The key point here is that market sentiment drives option prices and option prices drive implied volatility and from implied volatility, you can quickly gauge what the market sentiment is for a particular stock. So if a stock's option prices are expensive, let actually have high implied volatility which tells you that the market is expecting significant moves on that stock, on the other hand, if a stock's option prices are cheap then that stock is going to have lower implied volatility. This tells you that the markets expect smaller movements on that stock in the future.
Let's pretend for a second you live on a beach. If you see the water levels on the beach every day you can easily tell when the water levels are high and when they are low. A tourist, however, who comes to the beach for the very first time may think that an extremely high or an extremely low water level is perfectly normal, as he or she doesn't have any reference. Think of Implied Volatility as the water level. How can you place context around implied volatility and determine if it's high or low for a specific options contract? Well, the answer is simple,
Implied Volatility Rank (IV Rank) and Implied Volatility percentile helps conceptualize IV prices. So, you can have a good idea of whether things are expensive or cheap based on previous historic levels. Now let’s see IV Rank and IV percentile in detail.
Implied Volatility Rank (IV Rank)
This measurement ranges from 0 to 100 analyzing the high and low IV point over a certain time frame. Usually, one year is a timeframe that is used to measure IV.
Let's pretend you had an underlying that in the last year had an all-time low IV of 50% and an all-time high IV of 150%. The IV rank was 50, this will mean that the IV is currently 100%. If the current IV was above 150 % the rank would be 100 and if it was below 50% the rank would be zero.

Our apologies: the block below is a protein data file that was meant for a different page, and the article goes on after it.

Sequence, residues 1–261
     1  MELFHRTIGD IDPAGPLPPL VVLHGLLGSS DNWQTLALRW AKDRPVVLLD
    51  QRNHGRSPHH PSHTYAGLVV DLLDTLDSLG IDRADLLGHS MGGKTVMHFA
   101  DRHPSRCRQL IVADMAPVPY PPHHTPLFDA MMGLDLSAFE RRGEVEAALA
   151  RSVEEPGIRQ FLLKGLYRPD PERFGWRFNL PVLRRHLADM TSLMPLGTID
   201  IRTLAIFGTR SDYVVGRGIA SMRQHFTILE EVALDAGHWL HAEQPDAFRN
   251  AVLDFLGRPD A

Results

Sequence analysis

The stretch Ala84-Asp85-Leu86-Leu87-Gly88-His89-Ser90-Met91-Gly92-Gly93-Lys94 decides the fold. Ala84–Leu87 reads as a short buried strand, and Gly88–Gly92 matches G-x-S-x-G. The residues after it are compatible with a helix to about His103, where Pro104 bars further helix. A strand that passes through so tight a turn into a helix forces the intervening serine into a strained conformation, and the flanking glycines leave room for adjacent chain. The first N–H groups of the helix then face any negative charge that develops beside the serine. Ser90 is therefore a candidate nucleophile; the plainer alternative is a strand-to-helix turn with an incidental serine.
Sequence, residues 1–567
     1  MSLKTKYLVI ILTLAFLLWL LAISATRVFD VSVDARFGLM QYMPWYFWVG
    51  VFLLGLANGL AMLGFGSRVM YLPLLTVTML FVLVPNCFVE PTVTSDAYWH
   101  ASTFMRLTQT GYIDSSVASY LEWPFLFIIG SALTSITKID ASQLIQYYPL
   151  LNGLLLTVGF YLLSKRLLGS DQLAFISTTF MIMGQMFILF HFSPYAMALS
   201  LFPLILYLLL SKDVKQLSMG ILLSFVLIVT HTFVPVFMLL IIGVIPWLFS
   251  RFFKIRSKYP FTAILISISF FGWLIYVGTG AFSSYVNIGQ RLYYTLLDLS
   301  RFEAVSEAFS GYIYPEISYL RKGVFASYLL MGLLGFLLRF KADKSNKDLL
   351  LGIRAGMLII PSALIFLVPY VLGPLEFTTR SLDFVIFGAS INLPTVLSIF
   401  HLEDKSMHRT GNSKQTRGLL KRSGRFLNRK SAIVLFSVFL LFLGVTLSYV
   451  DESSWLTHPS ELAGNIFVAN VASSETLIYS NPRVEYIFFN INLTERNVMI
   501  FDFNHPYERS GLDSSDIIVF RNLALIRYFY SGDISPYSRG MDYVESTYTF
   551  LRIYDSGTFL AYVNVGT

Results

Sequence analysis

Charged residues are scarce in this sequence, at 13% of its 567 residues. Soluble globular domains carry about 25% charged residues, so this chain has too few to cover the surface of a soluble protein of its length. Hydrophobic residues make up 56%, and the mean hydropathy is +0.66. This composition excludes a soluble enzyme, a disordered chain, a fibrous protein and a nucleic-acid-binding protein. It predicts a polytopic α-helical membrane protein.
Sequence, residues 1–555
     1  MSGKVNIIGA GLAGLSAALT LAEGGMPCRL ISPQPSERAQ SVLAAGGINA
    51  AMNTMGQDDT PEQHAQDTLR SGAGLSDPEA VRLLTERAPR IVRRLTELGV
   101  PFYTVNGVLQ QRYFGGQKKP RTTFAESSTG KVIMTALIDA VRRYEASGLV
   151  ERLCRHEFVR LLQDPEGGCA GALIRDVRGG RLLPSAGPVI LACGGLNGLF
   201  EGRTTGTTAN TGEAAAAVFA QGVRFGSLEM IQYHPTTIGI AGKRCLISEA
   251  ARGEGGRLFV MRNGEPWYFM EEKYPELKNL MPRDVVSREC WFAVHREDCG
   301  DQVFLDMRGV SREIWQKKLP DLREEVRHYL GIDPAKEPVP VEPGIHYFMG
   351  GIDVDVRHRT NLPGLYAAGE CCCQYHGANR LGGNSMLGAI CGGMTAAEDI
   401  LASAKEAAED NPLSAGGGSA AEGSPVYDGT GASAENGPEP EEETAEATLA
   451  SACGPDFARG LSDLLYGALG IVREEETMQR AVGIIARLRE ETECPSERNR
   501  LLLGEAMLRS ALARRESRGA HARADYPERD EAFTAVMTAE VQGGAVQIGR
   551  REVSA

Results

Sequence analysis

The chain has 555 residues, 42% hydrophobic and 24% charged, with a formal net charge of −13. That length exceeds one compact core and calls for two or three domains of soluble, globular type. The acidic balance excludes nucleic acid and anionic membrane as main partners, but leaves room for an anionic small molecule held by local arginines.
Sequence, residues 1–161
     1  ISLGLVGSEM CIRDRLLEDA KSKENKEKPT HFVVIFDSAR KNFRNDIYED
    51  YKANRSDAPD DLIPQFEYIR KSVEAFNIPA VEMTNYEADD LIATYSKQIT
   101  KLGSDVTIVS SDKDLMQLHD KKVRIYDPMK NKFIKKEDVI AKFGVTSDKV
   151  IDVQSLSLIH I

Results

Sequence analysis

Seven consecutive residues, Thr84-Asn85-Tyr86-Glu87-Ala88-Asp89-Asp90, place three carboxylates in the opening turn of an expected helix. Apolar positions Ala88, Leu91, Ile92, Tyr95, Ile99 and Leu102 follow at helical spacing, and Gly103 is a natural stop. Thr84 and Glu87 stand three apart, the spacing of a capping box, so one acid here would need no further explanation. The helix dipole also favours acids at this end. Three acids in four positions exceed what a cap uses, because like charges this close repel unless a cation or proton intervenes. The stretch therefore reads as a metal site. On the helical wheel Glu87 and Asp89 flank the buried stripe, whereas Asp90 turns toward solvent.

As you can tell from this example IV rank essentially examines the historical highs and lows within a given period and shows all of the numbers that could be interpreted using a simple range i.e. 0 to 100.
But this measurement has a flaw that is concerning to many traders and is a big reason why many don't use this measurement for accurate referencing. Implied Volatility Rank (IV Rank) can be deceiving because of outliers.
For example, an earnings announcement may cause an underlying IV to spike to 200% just for one day. IV rank now includes this figure in its calculation and you are left with a deceiving stat that diminishes the value of what is trying to represent. Extreme outliers can significantly alter IV rankings to the point that they become essentially useless. This is why
many traders elect to use the IV percentile. This statistic weighs each day equally significantly minimizing the effects of outliers. That same spike mentioned where IV jumped up to 200% in one day now impacts the calculation, but it does so in such a smoother manner.
Implied Volatility (IV) percentile
IV percentile takes all the trading days in the past year and analyzes what percentage of those days IV was lower than the current level. This calculation provides a much clearer picture. It works in the same way with the range going from 0 to 100. We would suggest using the IV percentile to get the all-important context in regards to implied volatility in your next options trade. We advise you to install TALKDELTA software for your options trading. The TALKDELTA Option Hedging Software shows you the value of IV as well as many options parameters. You should use TALKDELTA to take your options trading to the next level.
To summarize the IV percentile, let us tell you the long story short with just one number. If the underlying XYZ has an IV of 40% and an IV percentile of 5%, we can safely assume that the IV is historically very low for this particular asset. On the other hand, if it was 40% and it had an IV percentile of 95%, we can safely assume it is very high.
Always remember the general rule that “Buy options when IV is low and sell options when IV is high”. Obviously, this is easier said than done. But many novice traders would simply glance over implied volatility without ever understanding it. By doing so they get crushed trying to make money by trading options. This is why understanding whether Implied Volatility (IV) is high or low is so incredibly important.